Village Library Movement
Kabir was encouraged to set up a library in his village after he visited a book fair organised by Arjuna Onnesha Library in neighbouring Arjuna village. Arjuna Onnesha Library was the first library setup by Gram Pathagar Andolon or Village Library Movement (VLM), a non-proft platform that feels the need for library services to promote reading habit besides making youngsters socially and politically conscious and active.
“We had helped Kabir with information and methods through which he can provide library services in his village,” explained Abdus Satter Khan, Coordinator of VLM. A teacher by profession, Khan added, “We had also helped him connect with people who wanted to donate their books to his library.”
Khan told Al Jazeera that Arjuna Onnesha Library’s success had encouraged others to come forward and seek their help.
The library at Arjuna, although initially set up in Satter’s bedroom in the village in 2006, is now housed at the proposed Haji Ismail khan College. It needs to be noted that the college was established through the efforts of members of the Arjuna Onnesha Library.
The library currently has around 5,000 books in its collection.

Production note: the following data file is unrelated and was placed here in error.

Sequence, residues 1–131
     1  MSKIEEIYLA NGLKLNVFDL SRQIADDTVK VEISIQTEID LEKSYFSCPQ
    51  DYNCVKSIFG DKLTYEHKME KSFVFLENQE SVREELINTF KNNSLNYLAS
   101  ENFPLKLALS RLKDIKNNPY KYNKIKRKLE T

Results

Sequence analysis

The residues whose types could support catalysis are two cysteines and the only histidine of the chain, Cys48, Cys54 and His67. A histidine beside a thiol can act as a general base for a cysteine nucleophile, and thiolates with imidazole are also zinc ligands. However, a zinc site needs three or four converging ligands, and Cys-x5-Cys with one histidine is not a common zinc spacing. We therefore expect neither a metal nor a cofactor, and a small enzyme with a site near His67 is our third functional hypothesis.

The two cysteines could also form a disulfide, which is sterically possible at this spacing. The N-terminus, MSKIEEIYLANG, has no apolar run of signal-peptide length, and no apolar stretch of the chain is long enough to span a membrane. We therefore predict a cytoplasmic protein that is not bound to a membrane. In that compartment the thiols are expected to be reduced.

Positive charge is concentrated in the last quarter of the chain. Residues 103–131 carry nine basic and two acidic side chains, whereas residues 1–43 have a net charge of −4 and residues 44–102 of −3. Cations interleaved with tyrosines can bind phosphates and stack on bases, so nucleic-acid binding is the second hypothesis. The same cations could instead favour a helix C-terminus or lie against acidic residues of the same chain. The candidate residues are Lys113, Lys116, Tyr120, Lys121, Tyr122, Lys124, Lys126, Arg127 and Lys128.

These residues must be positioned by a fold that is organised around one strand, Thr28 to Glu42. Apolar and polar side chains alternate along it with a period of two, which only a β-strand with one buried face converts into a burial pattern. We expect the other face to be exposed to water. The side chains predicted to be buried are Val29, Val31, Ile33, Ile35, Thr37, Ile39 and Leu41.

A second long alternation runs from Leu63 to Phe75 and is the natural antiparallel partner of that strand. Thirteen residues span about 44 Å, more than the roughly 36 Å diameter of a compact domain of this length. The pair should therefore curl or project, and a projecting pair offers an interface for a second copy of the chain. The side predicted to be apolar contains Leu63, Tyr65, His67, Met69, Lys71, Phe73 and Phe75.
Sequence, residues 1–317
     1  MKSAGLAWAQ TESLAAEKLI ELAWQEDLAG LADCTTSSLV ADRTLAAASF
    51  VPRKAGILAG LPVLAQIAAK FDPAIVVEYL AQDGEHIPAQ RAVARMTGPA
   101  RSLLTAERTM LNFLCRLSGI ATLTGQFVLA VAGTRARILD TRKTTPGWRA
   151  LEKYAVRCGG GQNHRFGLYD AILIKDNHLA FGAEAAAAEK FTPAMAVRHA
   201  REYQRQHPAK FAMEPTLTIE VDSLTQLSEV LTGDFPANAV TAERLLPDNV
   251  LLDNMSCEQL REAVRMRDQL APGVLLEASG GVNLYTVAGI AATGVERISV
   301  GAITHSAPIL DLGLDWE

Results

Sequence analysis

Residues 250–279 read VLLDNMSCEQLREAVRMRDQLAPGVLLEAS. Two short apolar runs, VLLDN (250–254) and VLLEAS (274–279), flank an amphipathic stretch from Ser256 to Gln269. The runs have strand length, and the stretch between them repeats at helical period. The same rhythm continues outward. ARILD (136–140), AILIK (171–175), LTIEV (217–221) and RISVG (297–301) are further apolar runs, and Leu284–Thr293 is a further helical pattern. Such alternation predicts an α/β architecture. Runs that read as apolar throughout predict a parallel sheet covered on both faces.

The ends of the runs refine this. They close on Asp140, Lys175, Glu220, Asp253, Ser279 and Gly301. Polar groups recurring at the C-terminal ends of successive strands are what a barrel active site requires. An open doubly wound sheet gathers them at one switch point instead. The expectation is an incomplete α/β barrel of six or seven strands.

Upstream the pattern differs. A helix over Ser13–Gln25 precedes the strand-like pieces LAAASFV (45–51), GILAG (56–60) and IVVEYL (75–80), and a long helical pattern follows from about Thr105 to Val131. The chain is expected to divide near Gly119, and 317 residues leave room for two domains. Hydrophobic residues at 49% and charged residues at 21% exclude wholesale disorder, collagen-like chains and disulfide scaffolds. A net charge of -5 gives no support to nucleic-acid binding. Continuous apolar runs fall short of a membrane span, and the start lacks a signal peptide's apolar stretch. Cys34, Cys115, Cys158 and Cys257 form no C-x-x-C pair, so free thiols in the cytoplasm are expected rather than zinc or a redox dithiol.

Khan pointed out that till date, VLM has helped setup at least 30 libraries in Tangail, Khagrachhari, Chandpur and other districts, catering to at least 3,000 readers. “There are many more awaiting in the pipeline,” he said.
“Our main target is to organise the youth in villages to identify the problems and potential of their villages and solve the problems by their own from their own resources,” said Khan.
Platforms for community development
Being true to the vision, almost all of the 30 libraries have been engaged in community development work.
“Initially, the elders of our village were sceptical about the library,” recalled Md Limon Khan, former chairperson and a member of Arjuna Onnesha Library. “But the members of the library have fixed roads, worked toward relief outreach during floods and disasters, erected tube wells in remote area, constructed bus-sheds in the village and much more till date. Now, the locals are eager to help in all initiatives taken by the library,” he said.
Last December, the members of the library felt that a college in the village will help the community as the nearest college is two kilometres away. “Members of the library collected funds, bought the land, bought raw materials and have managed to construct the Haji Ismail Khan College in a matter of six months,” he said. Classes are scheduled to begin in the college from July 2014.
Sathowai Marma, founder of Rafru Memorial Library in Rajjomoni of Khagrachhari, said that his library and neighbouring Aurong Library had provided aid to repair temples in surrounding areas. “Such work has helped in uniting our members while also attracting the attention of other youths toward the library,” he said.
Khan said that the movement aims to help setup a library in each of the 388 unions in Bangladesh by year 2025.
Source: Al Jazeera